Mr Samuel Agars1, Ms Megan Brown1
1Wollongong Hospital Islhd, Wollongong, Australia
Standard precautions (SP) are fundamental in preventing the transmission of micro-organisms. Most research to date has addressed compliance and competencies specific to nursing and medical staff. However, allied health practitioners, specifically physiotherapists (PT), have significant contact with patients across various clinical areas and subsequently have an important role in the prevention of infection.
SP knowledge was gathered via a written quantitative survey and an observational audit was completed on PT engaged in patient contact. Key questions in the audit were; is there direct patient contact, is the PT using a plastic apron, is there potential contact with blood and body substances, is the PT wearing gloves.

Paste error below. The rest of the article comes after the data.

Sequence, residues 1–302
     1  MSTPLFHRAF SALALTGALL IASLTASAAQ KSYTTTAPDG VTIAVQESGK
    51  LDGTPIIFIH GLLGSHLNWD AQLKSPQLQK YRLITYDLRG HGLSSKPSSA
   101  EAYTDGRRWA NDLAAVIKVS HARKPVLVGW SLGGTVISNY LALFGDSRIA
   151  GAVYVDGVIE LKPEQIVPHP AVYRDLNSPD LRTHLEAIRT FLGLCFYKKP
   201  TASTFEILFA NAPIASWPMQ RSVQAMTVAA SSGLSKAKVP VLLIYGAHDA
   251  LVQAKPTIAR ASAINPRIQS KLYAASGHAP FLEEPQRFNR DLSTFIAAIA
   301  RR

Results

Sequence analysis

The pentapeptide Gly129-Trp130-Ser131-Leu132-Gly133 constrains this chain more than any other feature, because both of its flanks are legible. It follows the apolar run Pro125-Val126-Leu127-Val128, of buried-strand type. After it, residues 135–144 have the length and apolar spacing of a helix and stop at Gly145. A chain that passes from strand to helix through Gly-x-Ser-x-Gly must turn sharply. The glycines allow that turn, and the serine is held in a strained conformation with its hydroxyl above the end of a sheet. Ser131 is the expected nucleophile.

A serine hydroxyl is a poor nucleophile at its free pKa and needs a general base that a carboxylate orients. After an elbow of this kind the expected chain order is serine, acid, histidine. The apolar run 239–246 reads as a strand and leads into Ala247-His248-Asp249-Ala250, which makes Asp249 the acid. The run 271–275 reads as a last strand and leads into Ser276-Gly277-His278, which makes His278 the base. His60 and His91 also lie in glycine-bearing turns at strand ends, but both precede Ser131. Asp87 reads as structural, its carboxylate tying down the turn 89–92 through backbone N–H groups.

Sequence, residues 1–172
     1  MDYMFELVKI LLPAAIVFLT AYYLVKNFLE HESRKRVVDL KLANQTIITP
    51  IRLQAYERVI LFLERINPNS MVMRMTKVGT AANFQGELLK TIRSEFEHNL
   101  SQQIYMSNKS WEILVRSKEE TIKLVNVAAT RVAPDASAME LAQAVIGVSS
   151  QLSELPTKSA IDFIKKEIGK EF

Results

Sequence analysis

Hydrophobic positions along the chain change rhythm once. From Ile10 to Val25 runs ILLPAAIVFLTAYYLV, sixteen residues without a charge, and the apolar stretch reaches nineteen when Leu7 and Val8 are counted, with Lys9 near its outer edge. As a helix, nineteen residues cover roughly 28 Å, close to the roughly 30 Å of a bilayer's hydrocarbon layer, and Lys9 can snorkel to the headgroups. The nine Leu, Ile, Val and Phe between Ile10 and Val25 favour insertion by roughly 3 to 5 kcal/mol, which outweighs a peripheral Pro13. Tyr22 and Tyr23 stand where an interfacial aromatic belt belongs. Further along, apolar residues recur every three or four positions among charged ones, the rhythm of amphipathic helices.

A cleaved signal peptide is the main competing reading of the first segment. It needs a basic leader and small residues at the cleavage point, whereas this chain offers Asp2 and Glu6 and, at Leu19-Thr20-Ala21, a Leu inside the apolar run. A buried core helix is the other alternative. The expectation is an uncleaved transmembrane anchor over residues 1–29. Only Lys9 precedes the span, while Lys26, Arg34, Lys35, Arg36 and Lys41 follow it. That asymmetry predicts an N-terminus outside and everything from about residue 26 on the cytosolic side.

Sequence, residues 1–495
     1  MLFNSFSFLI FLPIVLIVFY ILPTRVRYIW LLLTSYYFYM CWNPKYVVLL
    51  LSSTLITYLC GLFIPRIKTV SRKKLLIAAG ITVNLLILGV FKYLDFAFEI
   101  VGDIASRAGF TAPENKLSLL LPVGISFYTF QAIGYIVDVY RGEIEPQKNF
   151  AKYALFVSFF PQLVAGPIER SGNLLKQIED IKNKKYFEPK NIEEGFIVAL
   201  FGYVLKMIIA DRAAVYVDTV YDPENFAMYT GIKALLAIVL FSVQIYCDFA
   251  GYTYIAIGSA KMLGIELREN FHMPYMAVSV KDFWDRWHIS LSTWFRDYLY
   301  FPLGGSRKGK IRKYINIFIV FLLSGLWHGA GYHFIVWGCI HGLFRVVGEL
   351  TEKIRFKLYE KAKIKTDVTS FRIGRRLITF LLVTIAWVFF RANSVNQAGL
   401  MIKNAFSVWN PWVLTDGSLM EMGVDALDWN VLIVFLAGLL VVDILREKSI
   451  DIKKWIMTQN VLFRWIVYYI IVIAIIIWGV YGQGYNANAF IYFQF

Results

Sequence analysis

PTs demonstrated a sound theoretical knowledge of SP. Preliminary results show a discrepancy between PT knowledge of standard precautions and their behaviours in clinical practice, particularly with apron use. PT compliance with SP averaged 60%.
It is expected that the results of this project will inform future education strategies and projects to strengthen the practice of standard precautions in the PT group.
Nil conflicts of interest